An Appraisal of the Operational Problems Hindering the Protection of Performer's Rights as Copyright in Nigeria

Nkem Itanyi*, Madunatu Chikaodili Nwamaka

*Corresponding author for this work

Research output: Contribution to journalArticlepeer-review

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Intellectual creation occupies a prominent place within the economic,
social and cultural development of each nation; the wellbeing of a country
is also appreciated by its capacity to create, introduce, manage and exploit
intellectual assets beyond its natural resources, its labour or capital.
Protection of intellectual property rights is of particular importance
because the essence, goal and purpose are to protect the product of human
intelligence and at the same time to guarantee for the benefit of consumers
the use of such produce. Copyright and neighbouring rights are one of the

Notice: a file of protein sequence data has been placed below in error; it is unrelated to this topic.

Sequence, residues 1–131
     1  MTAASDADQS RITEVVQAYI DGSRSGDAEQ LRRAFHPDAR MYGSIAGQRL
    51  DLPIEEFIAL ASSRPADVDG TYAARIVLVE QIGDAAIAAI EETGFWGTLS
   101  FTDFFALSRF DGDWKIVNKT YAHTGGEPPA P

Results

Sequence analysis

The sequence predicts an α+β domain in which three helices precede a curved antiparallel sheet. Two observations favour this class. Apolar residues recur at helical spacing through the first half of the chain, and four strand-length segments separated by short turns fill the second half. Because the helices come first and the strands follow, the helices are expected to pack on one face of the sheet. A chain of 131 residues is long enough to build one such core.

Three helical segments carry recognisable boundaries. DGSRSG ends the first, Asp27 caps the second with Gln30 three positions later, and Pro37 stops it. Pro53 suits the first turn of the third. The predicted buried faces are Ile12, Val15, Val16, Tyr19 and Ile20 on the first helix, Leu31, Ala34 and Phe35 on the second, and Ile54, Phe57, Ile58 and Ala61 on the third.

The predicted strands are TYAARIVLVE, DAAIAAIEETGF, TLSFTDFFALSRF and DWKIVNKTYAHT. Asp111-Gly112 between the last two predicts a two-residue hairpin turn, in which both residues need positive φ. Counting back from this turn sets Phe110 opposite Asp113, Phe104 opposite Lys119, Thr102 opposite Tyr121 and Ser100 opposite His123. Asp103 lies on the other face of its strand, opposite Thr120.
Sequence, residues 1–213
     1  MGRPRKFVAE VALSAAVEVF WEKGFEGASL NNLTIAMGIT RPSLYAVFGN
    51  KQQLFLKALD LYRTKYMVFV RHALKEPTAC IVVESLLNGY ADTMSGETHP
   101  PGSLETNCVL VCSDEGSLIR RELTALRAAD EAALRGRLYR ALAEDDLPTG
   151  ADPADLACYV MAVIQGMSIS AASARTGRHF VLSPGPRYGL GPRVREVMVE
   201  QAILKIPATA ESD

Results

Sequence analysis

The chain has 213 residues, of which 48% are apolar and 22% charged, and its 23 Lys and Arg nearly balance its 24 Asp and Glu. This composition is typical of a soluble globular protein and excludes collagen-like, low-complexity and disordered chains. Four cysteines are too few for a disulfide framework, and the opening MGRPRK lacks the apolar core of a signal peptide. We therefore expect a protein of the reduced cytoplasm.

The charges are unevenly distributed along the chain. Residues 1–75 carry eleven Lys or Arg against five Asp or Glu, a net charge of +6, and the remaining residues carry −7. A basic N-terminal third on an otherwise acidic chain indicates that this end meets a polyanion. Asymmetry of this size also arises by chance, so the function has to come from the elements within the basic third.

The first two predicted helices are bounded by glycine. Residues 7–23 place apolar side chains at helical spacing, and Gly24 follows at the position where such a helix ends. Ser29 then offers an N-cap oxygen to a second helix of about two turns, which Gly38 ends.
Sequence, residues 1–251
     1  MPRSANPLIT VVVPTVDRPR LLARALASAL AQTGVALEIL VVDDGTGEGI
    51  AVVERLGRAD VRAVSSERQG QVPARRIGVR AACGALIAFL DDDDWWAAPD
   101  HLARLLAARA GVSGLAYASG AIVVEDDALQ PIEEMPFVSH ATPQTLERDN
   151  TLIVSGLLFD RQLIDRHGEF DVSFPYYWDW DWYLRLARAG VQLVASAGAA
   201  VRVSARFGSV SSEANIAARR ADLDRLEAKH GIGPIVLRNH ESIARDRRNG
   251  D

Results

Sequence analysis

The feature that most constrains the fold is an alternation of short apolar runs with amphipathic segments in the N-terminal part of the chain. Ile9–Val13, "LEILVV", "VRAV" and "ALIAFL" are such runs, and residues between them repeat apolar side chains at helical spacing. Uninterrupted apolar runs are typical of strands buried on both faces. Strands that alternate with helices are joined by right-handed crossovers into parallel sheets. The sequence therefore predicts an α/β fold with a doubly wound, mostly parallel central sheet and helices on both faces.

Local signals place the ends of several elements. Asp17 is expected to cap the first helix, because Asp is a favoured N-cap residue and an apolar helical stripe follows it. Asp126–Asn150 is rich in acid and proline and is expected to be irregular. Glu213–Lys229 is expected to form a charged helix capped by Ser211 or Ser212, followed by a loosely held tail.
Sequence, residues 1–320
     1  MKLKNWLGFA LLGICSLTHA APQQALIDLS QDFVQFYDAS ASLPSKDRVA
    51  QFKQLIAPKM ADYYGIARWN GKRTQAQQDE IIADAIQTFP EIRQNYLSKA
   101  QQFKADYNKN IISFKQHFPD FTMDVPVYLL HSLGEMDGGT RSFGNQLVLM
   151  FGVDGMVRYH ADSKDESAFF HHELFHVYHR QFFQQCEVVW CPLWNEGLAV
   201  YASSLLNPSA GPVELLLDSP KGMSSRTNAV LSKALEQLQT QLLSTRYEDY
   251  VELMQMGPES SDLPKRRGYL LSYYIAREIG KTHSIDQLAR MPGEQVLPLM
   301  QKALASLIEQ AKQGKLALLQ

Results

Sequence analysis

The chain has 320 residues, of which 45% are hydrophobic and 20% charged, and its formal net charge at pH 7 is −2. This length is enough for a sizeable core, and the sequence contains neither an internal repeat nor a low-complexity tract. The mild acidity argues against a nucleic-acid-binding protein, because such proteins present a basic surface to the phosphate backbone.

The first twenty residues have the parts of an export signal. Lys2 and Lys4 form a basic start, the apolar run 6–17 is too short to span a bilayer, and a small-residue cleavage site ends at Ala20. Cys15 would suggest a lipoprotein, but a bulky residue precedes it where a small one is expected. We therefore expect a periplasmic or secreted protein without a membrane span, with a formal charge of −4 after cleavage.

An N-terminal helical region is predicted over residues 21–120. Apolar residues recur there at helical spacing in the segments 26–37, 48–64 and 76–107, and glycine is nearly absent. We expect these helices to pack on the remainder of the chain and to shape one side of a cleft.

main branches of Intellectual Property rights. Copyright is a significant
specie of intellectual property which includes literary works, musical works,
artistic works, cinematograph films, sound recordings and broadcasts.
Neighbouring rights refer to the rights of a live performer also known as
performer’s rights. Both copyright and neighbouring rights are protected
under the Copyright Act, even though the Act makes independent provisions
for each. This paper discusses the statutory framework dealing specifically
with the protection of neighbouring rights and examines how neighbouring
rights have been protected in international copyright laws; The Rome
Convention, Trade Related Intellectual Property Rights (TRIPS), both of
which Nigeria is a signatory to, and the Beijing Treaty which for the first
time in international copyright extends protection to live performance. The
operational problems encountered in the course of enforcing neighbouring
rights are highlighted and suggestions proffered on how to alleviate same.
Original languageEnglish
Pages (from-to)608-631
Number of pages24
JournalUS-China Law Review
Issue number9
Publication statusPublished - Sep 2017


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